3. Filter your air. While it remains important to ventilate your home, extra measures should be taken to remove the air pollutants that can contaminate the air within it. “Portable air cleaners, particularly HEPA filters and electrostatic precipitators, can reduce some air contaminants,” informs the Healthy Canadians website, “HEPA filters collect particle pollutants with a fine filter. But electrostatic precipitators collect pollutants with electrostatic energy, which causes pollution to stick to the filter.”
4. Avoid synthetic fragrances. Most of us associate sweet and fresh smells with cleanliness. However, those air fresheners and laundry soaps that are infused with scents are actually pretty bad for our living environments. Containing harmful volatile organic compounds, these products can do a lot to irritate our eyes, skin and respiratory systems. “Choose fragrance-free products, or products with scents of natural origin for your laundry and cleaning needs,” advises Choquel.
5. Get a professional inspection of your home’s air quality. At DF Technical & Consulting Services Ltd., we offer Air Quality Services that target areas of concern in your home. Our team of trained professionals has a strong understanding of the indoor environment and is therefore able to maximize their inspection processes to ensure all of our clients’ questions about their homes’ indoor air quality are answered.
For more information, please don’t hesitate to call us at 1-855-668-3131 or email firstname.lastname@example.org.
Although we’re still in the middle of October, the cold weather has definitely returned. At least, here, in Calgary, the days have certainly gotten a lot chillier. As a result, most of us are turning up the heat in our homes, preparing for another long winter when staying indoors is more commonplace. It is our tendencies to stay inside more often that makes winter a season that wreaks havoc on our indoor air quality.
How does staying inside more often worsen indoor air quality? Considering that most of us prefer to keep warm and toasty during the winter, there is a desire to keep all of our doors and windows shut, even going so far as sealing any cracks in our insulation. And while this helps to eliminate cold drafts from entering our homes, it also seals out any fresh air. As a result, the pollutants in our homes become more concentrated.
What pollutants exist in our homes? Well, there’s certainly a bunch! Household cleaning products produce some of the most common indoor pollutants. Those disinfectants, personal care products and air fresheners that give off “fresh” scents are especially known for containing volatile organic compounds (VOCs) which are hazardous air pollutants. VOCs are also commonly found in paints, varnishes and glues.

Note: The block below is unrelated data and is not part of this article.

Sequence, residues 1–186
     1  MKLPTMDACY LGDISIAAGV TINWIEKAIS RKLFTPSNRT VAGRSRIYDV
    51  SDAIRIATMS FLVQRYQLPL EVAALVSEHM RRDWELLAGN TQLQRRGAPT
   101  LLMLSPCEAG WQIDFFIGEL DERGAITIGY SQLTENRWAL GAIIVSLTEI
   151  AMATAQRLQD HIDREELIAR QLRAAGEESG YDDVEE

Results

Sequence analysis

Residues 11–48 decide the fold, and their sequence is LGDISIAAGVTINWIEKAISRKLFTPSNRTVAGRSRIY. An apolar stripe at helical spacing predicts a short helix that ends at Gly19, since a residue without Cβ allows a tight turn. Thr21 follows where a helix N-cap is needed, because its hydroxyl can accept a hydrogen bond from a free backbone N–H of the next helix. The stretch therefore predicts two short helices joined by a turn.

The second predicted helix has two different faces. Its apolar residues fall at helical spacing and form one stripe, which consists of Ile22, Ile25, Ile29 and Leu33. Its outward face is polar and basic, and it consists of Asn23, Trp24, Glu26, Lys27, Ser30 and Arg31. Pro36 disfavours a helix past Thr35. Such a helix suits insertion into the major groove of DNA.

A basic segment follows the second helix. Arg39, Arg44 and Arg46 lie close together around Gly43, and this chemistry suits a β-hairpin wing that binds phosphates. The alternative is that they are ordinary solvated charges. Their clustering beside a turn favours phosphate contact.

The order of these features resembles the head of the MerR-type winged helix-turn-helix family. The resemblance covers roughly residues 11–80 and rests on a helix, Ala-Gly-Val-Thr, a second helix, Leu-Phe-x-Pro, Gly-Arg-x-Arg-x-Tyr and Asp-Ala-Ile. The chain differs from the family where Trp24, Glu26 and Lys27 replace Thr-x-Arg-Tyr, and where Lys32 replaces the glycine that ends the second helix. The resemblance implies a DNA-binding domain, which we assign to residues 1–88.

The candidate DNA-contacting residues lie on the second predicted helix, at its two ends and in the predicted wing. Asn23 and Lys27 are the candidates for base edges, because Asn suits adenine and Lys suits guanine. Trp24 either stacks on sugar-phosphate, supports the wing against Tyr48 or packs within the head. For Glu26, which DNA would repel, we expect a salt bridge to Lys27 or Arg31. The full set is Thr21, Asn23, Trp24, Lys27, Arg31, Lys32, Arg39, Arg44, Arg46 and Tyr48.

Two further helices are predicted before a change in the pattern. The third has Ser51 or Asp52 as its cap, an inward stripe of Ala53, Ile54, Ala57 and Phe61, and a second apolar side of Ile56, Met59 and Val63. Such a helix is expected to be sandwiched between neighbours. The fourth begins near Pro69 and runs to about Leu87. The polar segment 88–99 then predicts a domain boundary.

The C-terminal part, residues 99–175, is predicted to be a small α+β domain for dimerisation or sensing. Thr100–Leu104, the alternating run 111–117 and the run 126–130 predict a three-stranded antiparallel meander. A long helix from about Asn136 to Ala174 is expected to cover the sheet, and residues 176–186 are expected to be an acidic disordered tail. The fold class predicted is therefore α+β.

If you use any household appliances that use oil, kerosene, gas, coal or wood, you’ve got combustion sources that can produce dangerous levels of pollution. They are especially hazardous if not regularly cleaned and maintained. And those of us with pets are also susceptible to increased levels of indoor air pollution thanks to animal dander and other particles that often cause allergic reactions and asthma triggers.
What are the symptoms associated with poor indoor air quality? If you notice that you’re experiencing headaches, dizziness, fatigue or itchiness of the eyes, nose and/or throat, it could be due to the air pollutants in your home. Asthma sufferers will be especially aware of poor indoor air quality as respiratory issues often result. Naturally, it’s wise to take measures to improve indoor air quality during the coldest months of the year.
How do you improve indoor air quality when it’s cold outside? Sensibly, you should simply rid the home of pollution sources. Reduce gas emissions from the afore mentioned household appliances as much as possible by limiting their use and/or making sure that are very regularly cleaned and maintained. You’ll also want to promote ventilation throughout the home. And yes, this does mean opening the windows every now and again.
You’ll also want to clean very regularly. Stepping up your dedication to vacuuming, dusting and mopping throughout the winter will go a long way in improving the air quality in your home. This is especially true if you have pets, but will also aid in the prevention of mould and mildew growth. Mould can become a problem when the air in the home is too humid. A sign may be the condensation that appears on your windows.
At DF Technical & Consulting Services Ltd., we focus pretty strongly on keeping the indoor air quality of your home at the highest levels possible. If you have any concerns about the quality of the air you’re breathing in your home this winter, please don’t hesitate to contact us to ask about our Air Quality Services. For more information, give us a call at 1-855-668-3131 or email email@example.com.